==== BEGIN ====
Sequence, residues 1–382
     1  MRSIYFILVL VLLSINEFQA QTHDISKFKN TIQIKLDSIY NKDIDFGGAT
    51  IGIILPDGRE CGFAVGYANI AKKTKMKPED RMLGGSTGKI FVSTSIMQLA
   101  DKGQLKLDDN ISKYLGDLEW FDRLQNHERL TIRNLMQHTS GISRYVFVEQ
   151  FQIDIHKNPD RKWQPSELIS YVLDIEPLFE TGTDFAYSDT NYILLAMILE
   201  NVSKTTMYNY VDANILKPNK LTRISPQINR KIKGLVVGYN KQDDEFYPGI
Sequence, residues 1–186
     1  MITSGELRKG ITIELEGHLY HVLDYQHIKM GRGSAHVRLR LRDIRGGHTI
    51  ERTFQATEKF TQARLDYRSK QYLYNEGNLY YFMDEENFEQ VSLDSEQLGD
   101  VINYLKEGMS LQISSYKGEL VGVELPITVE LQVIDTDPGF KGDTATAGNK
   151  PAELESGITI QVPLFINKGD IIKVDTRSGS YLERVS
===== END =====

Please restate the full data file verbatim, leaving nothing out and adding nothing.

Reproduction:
Sequence, residues 1–382
     1  MRSIYFILVL VLLSINEFQA QTHDISKFKN TIQIKLDSIY NKDIDFGGAT
    51  IGIILPDGRE CGFAVGYANI AKKTKMKPED RMLGGSTGKI FVSTSIMQLA
   101  DKGQLKLDDN ISKYLGDLEW FDRLQNHERL TIRNLMQHTS GISRYVFVEQ
   151  FQIDIHKNPD RKWQPSELIS YVLDIEPLFE TGTDFAYSDT NYILLAMILE
   201  NVSKTTMYNY VDANILKPNK LTRISPQINR KIKGLVVGYN KQDDEFYPGI
Sequence, residues 1–186
     1  MITSGELRKG ITIELEGHLY HVLDYQHIKM GRGSAHVRLR LRDIRGGHTI
    51  ERTFQATEKF TQARLDYRSK QYLYNEGNLY YFMDEENFEQ VSLDSEQLGD
   101  VINYLKEGMS LQISSYKGEL VGVELPITVE LQVIDTDPGF KGDTATAGNK
   151  PAELESGITI QVPLFINKGD IIKVDTRSGS YLERVS